Seven new genes that affect cholesterol
Seven new genes that affect cholesterol and triglycerides have been identified in a new study. Finding these genes may lead to better high cholesterol treatments and therapies.
An international study of 20,000 people found seven new genes that influence blood cholesterol levels, a major factor in heart disease, and confirmed 11 other genes previously thought to influence cholesterol.
The international study led by researchers from the University of Michigan School of Public Health set out to identify or confirm genetic variants that influence lipid levels, and if those variants were linked to the decreased or increased risk of heart disease. The findings will be published online in the journal Nature Genetics on January 13.
The results may lead the medical community to rethink the role of HDL (good cholesterol) and LDL (bad cholesterol) in heart disease, said Goncalo Abecasis, associate professor in the U-M School of Public Health. Abecasis co-directed the study with Karen Mohlke, assistant professor of genetics at the University of North Carolina at Chapel Hill School of Medicine.
"It was surprising that while genetic variants that increase your bad cholesterol are also associated with increased risk of heart disease, we did not find that variants influencing your good cholesterol were associated with decreased risk of coronary artery disease," Abecasis said. "Perhaps that result will lead us to reexamine the roles of good and bad cholesterol in susceptibility to heart disease."
Coronary artery disease, a condition where plaque accumulates on the walls of coronary arteries, is the most common type of heart disease and a leading cause of death in industrialized countries. The type and amount of cholesterol and other lipids in the bloodstream contribute to the risk of coronary artery disease, which can cause heart attack, stroke, angina, and other heart conditions. Both genetic and environmental factors influence a person''s cholesterol and blood lipid levels.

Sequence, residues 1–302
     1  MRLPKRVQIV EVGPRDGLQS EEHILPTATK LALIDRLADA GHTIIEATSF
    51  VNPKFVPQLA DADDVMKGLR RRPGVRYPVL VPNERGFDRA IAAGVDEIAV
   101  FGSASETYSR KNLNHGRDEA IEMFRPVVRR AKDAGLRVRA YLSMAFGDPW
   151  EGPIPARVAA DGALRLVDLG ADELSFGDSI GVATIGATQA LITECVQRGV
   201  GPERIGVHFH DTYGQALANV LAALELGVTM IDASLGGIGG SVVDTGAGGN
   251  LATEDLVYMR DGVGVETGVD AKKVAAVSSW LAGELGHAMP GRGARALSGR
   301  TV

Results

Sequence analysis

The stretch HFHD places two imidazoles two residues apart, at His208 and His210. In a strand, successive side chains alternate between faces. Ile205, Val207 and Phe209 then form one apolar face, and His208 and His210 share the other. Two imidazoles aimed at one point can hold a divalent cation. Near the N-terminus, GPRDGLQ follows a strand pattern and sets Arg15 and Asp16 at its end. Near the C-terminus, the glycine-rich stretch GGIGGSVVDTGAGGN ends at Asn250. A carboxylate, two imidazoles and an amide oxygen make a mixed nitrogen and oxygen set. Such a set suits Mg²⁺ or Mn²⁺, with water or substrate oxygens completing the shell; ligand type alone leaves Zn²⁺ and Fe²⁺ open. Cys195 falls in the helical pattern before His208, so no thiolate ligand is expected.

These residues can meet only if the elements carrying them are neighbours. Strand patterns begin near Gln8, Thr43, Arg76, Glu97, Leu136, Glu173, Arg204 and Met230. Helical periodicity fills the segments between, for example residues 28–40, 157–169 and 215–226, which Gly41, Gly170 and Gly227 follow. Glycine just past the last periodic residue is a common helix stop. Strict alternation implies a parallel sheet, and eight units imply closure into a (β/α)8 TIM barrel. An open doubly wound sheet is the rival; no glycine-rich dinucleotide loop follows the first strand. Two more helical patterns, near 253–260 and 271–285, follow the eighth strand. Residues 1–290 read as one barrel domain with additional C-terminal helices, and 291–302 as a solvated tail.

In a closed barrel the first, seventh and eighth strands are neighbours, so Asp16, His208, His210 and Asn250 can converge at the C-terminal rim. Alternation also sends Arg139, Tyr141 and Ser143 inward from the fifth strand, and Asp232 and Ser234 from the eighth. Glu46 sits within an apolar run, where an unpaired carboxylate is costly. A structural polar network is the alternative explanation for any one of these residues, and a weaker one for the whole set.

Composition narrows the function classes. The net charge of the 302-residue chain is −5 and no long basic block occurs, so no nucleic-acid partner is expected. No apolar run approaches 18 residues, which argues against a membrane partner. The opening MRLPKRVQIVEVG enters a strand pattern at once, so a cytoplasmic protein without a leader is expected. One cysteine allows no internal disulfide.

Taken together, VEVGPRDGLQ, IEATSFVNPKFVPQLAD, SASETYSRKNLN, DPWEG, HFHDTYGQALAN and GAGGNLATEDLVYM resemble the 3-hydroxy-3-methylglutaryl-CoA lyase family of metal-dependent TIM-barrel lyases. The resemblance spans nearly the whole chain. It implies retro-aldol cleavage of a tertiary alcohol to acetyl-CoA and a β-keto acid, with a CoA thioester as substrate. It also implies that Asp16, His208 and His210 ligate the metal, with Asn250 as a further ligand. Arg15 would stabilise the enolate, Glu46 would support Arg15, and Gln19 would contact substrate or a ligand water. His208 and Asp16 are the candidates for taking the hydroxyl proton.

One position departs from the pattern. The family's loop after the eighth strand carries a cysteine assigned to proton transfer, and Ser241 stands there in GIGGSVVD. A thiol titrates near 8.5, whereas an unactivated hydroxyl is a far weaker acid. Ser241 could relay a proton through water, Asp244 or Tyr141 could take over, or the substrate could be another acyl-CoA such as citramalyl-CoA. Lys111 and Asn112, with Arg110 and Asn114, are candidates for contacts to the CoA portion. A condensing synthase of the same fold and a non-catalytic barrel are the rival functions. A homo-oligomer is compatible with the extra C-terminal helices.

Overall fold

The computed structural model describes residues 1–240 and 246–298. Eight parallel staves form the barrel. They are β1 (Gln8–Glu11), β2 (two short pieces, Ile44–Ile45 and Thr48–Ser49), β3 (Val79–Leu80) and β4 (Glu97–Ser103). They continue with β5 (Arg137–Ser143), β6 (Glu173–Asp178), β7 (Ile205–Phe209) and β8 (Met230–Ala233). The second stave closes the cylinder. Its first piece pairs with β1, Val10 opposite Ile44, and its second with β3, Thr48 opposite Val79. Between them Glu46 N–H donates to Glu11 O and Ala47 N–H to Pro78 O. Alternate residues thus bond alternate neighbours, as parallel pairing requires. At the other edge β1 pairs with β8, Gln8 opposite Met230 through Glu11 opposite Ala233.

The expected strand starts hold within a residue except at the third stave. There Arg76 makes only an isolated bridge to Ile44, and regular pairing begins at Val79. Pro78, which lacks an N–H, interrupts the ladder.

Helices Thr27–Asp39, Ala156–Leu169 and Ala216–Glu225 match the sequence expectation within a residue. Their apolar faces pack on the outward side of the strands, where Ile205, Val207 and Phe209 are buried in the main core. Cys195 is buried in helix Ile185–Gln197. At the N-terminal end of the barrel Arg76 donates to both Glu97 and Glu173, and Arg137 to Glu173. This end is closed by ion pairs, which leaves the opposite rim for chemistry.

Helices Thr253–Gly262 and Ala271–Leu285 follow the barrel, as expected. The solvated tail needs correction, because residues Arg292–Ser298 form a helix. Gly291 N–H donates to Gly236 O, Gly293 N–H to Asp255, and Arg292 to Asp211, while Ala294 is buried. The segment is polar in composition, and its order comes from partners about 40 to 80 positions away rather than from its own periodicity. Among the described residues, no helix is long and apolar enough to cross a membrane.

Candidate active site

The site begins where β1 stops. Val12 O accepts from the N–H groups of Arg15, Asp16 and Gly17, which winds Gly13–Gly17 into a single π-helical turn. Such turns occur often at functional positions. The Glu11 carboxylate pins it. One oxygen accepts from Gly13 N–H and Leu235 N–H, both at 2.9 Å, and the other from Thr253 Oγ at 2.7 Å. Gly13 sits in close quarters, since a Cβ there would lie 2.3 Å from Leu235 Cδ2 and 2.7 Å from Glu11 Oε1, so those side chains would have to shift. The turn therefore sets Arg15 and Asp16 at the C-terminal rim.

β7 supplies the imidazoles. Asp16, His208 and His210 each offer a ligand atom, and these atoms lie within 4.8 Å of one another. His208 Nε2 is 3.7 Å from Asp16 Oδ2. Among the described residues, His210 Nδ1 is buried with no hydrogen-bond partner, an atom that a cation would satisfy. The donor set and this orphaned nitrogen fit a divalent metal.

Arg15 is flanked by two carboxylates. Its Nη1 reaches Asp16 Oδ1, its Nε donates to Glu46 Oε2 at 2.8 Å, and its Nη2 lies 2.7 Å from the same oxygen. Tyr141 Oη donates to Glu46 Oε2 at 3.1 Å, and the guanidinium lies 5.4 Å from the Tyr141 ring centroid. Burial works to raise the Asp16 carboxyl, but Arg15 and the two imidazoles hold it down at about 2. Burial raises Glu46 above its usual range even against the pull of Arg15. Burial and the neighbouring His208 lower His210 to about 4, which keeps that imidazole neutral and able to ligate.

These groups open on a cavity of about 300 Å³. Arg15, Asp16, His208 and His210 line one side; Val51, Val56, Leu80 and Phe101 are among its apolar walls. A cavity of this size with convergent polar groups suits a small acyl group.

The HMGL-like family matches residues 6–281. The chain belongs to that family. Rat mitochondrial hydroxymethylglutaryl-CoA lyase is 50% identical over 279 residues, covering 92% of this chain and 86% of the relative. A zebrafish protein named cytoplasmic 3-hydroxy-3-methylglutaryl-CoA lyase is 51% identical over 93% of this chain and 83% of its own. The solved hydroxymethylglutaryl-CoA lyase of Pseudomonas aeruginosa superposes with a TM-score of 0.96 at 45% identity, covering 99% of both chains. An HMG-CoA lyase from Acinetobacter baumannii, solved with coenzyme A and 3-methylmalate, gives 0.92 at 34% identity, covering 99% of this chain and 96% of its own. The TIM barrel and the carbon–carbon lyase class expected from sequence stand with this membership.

"Finding new gene regions associated with cholesterol levels may bring us one step closer to developing better treatments, said Cristen Willer, co-first author and a research fellow in the Department of Biostatistics. "Nearly all of the gene regions that we found to be involved in higher LDL levels were also involved in coronary artery disease risk. This is a remarkable result and suggests that new drug therapies that target the genes in these regions will also help prevent coronary artery disease and allow people to live longer and healthier lives."
Of the seven new variants, two influenced HDL, one influenced LDL, and three influenced triglycerides, which are found in fat and in the bloodstream and like LDL, are associated with increased risk of heart disease. One variant influenced triglycerides and LDL.
Scientists initially examined 2 million genetic variants in 8,800 individuals and ended up focusing on a total of 25 genetic variants on 18 genes. Altogether the variations reported are responsible for less than a quarter of the genetic contributions to lipid levels.
For more cholesterol information and how it affects your heart, read Cholesterol 101 and Managing Cholesterol Naturally.